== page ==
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 Jethro Tull-A Passion Play

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Easy Target

Posts : 487
Join date : 2010-01-18
Location : Maine

PostSubject: Jethro Tull-A Passion Play   Fri Oct 09, 2015 7:52 pm

It's strange to me that when discussing Thick As A Brick, it's always mentioned that it was intended to be something of a spoof of prog rock, stretching all the tropes of the genre to ridiculous heights. The fact that it became a classic of the genre in its own right speaks to how incredibly talented Ian Anderson is.
But what I find strange is that almost nobody discusses its follow up, A Passion Play, in the same terms. It seems incredibly unlikely that it was ALSO intended to be a satire, even though the formula makes comparisons inevitable (one album-length conceptual song split into two parts, released immediately afterward). And also, it seems largely forgotten or generally disliked, but that might just be because it is so closely tied with its superior predecessor.

So I'd just like to hear some opinions on this album, because honestly I enjoy it almost as much as Thick As A Brick, and Part 1 is essentially flawless from start to finish. I like the greater emphasis on brass instrumentation, the whole piece feels more jazz-influenced than TAAB. Also, while the lyrics aren't as poetically ornate, they do succeed in telling a much more concise story. Also, having Jeffrey Hammond take on a fairly large vocal role on the wonderfully random introduction of the second half is enough to set the piece apart from most of Tull's catalog ( plus who could forget his immortal "and your little sister's immaculate virginity wings away on the bony shoulders of a young horse named George!").

It's not perfect, there are definitely some moments on the second half where it feels a bit drawn out for its own sake, and the end is really quite anticlimactic. Still, for being what I imagine was a more genuine attempt to play in this style than its predecessor, I think it's a wonderfully enjoyable album, one that deserves some re-evaluation from critics.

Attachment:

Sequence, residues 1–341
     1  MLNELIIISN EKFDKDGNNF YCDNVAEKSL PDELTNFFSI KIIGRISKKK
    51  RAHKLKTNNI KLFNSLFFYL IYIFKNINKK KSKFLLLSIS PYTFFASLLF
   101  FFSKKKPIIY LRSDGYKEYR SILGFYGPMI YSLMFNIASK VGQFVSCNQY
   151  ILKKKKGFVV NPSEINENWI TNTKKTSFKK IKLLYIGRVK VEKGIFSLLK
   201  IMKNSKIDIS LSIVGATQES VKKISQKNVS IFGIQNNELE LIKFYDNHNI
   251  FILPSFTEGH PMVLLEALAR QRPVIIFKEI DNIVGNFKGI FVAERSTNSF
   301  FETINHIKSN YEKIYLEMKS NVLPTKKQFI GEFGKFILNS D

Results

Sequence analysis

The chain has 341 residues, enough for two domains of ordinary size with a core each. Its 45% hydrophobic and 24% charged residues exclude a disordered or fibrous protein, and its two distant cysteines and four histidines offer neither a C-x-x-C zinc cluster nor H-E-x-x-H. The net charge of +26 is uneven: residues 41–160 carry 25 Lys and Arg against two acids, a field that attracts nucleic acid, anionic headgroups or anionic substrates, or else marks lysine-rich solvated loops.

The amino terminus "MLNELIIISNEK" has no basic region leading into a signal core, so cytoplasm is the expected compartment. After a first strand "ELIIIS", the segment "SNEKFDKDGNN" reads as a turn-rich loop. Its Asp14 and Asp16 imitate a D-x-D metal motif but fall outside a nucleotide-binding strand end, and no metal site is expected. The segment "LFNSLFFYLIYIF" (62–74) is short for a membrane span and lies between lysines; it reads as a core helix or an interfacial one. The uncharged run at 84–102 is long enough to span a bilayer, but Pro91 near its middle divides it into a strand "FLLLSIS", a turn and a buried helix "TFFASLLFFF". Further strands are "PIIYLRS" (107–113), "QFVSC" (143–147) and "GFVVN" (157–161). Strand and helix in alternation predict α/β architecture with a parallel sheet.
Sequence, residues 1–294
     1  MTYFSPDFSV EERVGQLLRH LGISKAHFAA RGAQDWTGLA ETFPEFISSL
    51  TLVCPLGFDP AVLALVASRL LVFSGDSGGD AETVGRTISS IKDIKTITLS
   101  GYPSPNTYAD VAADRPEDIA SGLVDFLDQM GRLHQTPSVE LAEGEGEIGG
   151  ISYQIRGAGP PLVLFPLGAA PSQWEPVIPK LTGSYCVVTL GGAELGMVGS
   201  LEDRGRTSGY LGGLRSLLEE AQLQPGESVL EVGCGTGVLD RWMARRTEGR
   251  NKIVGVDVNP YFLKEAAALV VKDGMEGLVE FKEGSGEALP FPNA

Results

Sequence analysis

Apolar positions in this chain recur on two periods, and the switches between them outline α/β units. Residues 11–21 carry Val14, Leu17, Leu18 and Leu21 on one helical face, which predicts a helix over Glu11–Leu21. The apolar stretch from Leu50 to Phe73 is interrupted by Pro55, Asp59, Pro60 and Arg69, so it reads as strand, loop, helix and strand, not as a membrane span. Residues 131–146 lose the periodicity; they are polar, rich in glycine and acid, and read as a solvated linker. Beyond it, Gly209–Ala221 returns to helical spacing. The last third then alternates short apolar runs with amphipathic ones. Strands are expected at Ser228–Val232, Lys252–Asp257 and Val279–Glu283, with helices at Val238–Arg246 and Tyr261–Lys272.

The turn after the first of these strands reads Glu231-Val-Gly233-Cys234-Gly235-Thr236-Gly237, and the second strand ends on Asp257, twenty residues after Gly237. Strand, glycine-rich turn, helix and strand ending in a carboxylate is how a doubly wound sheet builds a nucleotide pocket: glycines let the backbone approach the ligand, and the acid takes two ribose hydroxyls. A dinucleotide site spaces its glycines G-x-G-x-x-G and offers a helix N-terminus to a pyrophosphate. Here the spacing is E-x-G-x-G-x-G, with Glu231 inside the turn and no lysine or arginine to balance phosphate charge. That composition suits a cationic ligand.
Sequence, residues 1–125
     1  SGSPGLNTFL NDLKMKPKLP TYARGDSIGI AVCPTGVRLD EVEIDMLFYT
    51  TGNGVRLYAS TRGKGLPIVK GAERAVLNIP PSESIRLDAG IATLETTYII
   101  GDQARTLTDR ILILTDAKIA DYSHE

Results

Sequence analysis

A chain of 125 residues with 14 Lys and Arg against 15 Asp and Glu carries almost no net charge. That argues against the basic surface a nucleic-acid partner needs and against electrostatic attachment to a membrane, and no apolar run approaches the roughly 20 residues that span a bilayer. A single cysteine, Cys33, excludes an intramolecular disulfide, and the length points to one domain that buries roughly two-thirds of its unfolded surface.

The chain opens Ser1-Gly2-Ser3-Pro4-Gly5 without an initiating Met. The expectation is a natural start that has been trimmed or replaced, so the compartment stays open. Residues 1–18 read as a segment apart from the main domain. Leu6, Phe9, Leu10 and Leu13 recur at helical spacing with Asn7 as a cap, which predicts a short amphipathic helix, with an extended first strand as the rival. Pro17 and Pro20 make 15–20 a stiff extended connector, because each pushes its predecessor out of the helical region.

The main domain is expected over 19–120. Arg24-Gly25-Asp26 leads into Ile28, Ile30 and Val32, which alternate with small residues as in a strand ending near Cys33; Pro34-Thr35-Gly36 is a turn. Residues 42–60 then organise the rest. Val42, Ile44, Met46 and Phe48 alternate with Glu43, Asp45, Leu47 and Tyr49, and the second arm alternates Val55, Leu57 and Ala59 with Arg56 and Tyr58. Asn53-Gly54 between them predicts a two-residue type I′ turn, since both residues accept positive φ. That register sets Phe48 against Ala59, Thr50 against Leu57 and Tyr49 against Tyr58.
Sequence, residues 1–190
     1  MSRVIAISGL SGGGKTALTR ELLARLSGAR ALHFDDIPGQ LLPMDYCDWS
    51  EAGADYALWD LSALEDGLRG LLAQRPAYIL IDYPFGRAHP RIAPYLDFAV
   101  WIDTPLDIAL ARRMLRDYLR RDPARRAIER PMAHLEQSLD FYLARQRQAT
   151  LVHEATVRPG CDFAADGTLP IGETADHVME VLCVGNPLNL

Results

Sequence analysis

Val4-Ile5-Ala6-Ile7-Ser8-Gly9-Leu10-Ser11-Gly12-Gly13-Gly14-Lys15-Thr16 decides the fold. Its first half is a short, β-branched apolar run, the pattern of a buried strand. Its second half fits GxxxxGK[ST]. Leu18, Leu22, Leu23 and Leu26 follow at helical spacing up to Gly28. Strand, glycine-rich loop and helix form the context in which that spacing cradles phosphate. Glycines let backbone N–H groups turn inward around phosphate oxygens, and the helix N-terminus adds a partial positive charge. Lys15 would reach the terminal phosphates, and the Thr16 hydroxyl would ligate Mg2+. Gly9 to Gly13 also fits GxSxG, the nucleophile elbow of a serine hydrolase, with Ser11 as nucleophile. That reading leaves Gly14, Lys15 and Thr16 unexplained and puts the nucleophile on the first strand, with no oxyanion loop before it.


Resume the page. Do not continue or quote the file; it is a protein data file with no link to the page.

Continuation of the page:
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Join date : 2011-03-09

PostSubject: Re: Jethro Tull-A Passion Play   Fri Oct 09, 2015 11:18 pm

This is actually my favorite Tull album. I also like the fact that he dumps the flute for the sax which makes the opening song sound a little like Gentle Giant. I made a different mix of the song/album where I cut the amusing tale out and just played the Play straight through.

I have listened to this way more than TAAB. In fact, as soon as I started reading your post one of the sections started playing in my head. When my daughter was younger and I had to drive to go pick her up in San Jose(from Sacramento) this was played in the car (It usually turned into a family trip). My younger boy, who is in his teens now, still sings about The Hare Who Lost His Spectacles!

I think that it's a great album that just got a bad rap back then. Why? I don't know......
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Cagey Cretin

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Join date : 2009-12-12
Age : 98
Location : Colorado

PostSubject: Re: Jethro Tull-A Passion Play   Sun Oct 11, 2015 8:09 pm

Honestly, I pretty much burned myself out on Tull back in my early 20s and rarely listen to them but I may have to jam TAAB and APP and see.
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The Subhuman

Posts : 6538
Join date : 2009-11-16
Location : Los Angeles, CA

PostSubject: Re: Jethro Tull-A Passion Play   Wed Oct 28, 2015 11:02 pm

It was actually one of the last Jethro Tull albums I added to my collection so I haven't lived with it quite as long. The recent Steven Wilson remix gives track IDs to all the shorter segments which let me kind of study it piecemeal. That reissue also includes all the Chateau D'saster tapes (or whatever the spelling is) so everything is finally collected in one place, in much improved sound.

I really like the album, I'm not sure if it's quite as powerful of a record as TAAB overall but damn it's good. The saxophone carried over to the Warchild sessions as well.

‎"I say, play your own way. Don’t play what the public wants. You play what you want and let the public pick up on what you’re doing, even if it does take them fifteen, twenty years." - Thelonious Monk
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